Arise a Knight: Social Justice and the Fantasy Genre

For the last few weeks, I’ve been thinking hard about the genre I’m writing in.

Perhaps that’s a curious way to open a blog post. You’re welcome to read it again.

It’s a sentiment that might seem a little odd, a little obvious, maybe even a little expected. But while there’s always a few sparks of fantasy to be found in my mind, lately it’s been a raging inferno. By the time the same fire burned out and I had a chance to sift through the ashes, I came to a single, disturbing conclusion.

I’m terrified that my words won’t matter.

You might wonder exactly what I mean by that. As always, I’m going to take a roundabout way to explain. But first, I’m going to have to ask you to kneel.

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You take another breath and stare at the altar in front of you. The stone, polished and white, is the only thing not covered in shadow. The candles the priest lit hours before have long since fallen asleep, leaving the room stuffy-dark, warm and cold at the same time. Your knees groan where they meet the stepped floor and you grimace, pray that soon they too will slip into slumber. The nightlong vigil yawns, drags, whispers a promise that it’s not long ’til dawn. And when the sun does rise, you know you may yet rise with it. A tap to either shoulder-that’s all that’s left to be done. You stare at your robes; the white, red and black cloth spills freely onto the floor. You wonder for a moment about the significance of colour, then sighing, you return to your prayers.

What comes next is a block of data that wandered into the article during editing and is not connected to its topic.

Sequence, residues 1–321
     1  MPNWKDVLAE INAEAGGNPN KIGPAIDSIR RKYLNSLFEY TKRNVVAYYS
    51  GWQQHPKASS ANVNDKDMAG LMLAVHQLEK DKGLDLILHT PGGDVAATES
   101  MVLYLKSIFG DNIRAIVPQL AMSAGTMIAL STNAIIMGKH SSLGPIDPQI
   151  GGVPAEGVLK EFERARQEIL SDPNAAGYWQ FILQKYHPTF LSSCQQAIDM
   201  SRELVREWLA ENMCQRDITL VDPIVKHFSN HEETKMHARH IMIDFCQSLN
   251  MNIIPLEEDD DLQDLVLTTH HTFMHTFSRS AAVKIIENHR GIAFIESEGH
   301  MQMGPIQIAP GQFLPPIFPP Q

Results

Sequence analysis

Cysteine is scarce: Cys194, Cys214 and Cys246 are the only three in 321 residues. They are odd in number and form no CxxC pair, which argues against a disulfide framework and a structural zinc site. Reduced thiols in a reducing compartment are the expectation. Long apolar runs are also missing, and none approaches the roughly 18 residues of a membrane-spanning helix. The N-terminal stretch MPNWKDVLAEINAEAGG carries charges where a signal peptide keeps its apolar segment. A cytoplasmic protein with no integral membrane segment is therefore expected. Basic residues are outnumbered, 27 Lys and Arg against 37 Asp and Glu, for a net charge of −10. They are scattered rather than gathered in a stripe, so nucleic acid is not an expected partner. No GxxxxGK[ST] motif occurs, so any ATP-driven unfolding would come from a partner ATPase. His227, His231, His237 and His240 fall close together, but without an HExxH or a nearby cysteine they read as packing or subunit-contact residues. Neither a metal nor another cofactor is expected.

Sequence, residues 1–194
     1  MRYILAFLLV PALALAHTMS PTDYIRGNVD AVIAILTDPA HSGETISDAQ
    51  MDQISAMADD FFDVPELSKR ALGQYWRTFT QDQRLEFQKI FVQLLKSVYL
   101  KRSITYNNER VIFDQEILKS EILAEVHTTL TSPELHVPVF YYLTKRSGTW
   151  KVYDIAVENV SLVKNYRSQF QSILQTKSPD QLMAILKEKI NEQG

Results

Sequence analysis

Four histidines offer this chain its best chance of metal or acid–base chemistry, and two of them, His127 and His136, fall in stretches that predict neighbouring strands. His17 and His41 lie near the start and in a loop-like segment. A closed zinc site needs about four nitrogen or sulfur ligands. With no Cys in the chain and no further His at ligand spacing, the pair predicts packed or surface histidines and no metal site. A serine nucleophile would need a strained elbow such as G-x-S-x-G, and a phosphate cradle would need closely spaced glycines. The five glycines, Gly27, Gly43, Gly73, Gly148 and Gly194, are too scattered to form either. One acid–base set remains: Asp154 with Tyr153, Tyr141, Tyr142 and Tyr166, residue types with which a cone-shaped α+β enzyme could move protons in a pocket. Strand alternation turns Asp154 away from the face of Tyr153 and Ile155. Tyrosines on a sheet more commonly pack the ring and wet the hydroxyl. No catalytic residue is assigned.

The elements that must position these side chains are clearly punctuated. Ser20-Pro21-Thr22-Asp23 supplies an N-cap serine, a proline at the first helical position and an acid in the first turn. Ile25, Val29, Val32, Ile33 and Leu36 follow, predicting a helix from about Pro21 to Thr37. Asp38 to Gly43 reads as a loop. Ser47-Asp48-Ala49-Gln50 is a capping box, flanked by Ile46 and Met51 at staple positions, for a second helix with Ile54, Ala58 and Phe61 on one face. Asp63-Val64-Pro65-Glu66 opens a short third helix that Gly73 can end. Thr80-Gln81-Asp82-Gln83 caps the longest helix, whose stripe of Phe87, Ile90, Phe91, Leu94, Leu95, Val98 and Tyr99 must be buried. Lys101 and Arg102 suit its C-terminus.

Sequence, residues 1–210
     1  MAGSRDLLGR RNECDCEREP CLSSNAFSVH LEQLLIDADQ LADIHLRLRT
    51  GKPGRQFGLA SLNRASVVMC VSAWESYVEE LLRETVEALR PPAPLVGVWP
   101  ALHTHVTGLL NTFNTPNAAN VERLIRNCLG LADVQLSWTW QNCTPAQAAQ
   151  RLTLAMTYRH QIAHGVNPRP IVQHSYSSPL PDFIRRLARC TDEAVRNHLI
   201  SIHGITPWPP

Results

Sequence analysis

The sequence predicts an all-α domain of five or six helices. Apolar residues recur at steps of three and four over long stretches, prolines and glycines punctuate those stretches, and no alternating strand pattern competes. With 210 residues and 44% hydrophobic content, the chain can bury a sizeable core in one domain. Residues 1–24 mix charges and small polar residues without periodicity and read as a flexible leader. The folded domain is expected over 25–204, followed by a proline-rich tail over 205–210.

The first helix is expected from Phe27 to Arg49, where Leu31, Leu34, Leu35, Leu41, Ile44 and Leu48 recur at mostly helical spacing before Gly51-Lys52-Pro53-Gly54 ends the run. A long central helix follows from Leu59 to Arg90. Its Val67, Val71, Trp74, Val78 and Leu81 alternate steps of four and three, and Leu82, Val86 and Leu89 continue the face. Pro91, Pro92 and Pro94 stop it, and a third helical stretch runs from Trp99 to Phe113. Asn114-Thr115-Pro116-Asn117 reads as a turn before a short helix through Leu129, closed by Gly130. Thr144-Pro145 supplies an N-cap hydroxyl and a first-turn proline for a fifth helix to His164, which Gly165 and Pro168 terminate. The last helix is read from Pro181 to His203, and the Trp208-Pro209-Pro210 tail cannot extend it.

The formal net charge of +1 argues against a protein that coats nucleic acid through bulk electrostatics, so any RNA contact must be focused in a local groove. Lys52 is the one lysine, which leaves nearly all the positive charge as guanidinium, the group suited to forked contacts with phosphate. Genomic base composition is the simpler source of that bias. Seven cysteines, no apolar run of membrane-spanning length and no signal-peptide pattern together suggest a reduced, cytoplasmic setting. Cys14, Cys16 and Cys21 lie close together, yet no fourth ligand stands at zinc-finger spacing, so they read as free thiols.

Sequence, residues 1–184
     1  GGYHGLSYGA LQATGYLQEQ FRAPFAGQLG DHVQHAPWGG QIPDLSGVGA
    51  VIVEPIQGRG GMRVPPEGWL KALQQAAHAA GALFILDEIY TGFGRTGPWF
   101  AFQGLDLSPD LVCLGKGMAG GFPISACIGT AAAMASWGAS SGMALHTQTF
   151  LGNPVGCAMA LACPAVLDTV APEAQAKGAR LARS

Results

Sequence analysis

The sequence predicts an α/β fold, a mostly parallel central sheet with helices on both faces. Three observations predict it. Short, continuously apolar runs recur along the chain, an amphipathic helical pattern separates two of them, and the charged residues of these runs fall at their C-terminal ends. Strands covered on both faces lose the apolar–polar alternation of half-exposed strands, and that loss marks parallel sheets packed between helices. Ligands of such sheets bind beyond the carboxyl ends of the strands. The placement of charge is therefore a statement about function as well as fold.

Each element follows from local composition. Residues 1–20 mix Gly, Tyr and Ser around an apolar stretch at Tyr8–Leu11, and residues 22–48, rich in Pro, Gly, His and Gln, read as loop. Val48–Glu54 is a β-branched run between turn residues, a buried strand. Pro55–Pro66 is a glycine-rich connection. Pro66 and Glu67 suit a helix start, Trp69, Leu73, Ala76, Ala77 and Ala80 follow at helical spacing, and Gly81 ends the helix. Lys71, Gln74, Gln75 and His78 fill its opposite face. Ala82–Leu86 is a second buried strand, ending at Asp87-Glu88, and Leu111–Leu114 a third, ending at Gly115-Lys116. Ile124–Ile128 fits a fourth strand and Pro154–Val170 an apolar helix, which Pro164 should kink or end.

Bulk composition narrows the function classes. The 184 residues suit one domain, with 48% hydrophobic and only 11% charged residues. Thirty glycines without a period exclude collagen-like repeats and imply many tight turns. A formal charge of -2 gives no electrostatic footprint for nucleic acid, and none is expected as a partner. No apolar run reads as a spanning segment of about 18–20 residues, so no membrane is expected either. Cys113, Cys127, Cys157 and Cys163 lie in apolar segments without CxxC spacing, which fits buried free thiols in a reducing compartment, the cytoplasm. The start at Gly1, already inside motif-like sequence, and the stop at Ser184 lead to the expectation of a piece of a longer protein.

Social justice is a concept that has always found its ways into writing. As far back as Ancient Greece, Plato was wondering about the ideal state, a promised land of equal opportunity. That same idea, veiled by language and time, cropped up all over the world. The French Revolution, the Suffragettes, the Great March on Washington. All of these movements were born in hearts, then in pages, then finally out on the streets. Ideas, not all of them similar, were grown, documented and distributed by writers, many of them writers of fiction. Some were even writers of fantasy.

Today, multiplied in the information age, social changes are moving faster toward us, sounding different by the time they rush past. It’s becoming a sort of doppler effect, a wheel accelerating so fast that we’ve bought more personal freedoms in the last 200 years than we had in the previous 200,000. At the same time, this progress has left tension between generations in its wake. And though much ground has been gained by writers, it could be argued fantasy found it hard to keep pace.

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Part of this is due to the fact that up until fifty years ago, nobody would have considered it a genre to start with. The big names-the Tolkiens and the Le Guins and the C.S. Lewis’-changed all that, defined something that we now recognise. All the same, the genre was largely ignored by the popular masses until the turn of the millennium. But then the 2000s brought film deals and Rowling and the Game-of-Throne-lead surge of a grittier kind of fantasy loved by readers and TV producers alike. Suddenly the social justice of fantasy worlds was being debated. Long unchallenged (long ignored), they found themselves sadly outdated.

That’s not to say there aren’t fantasy novels out that broke the wheel while it was spinning. If you’d like a list, here is just one place you could get started. But many of the names here aren’t household (even by fantasy reading standards), and that’s where the genre gets shaky.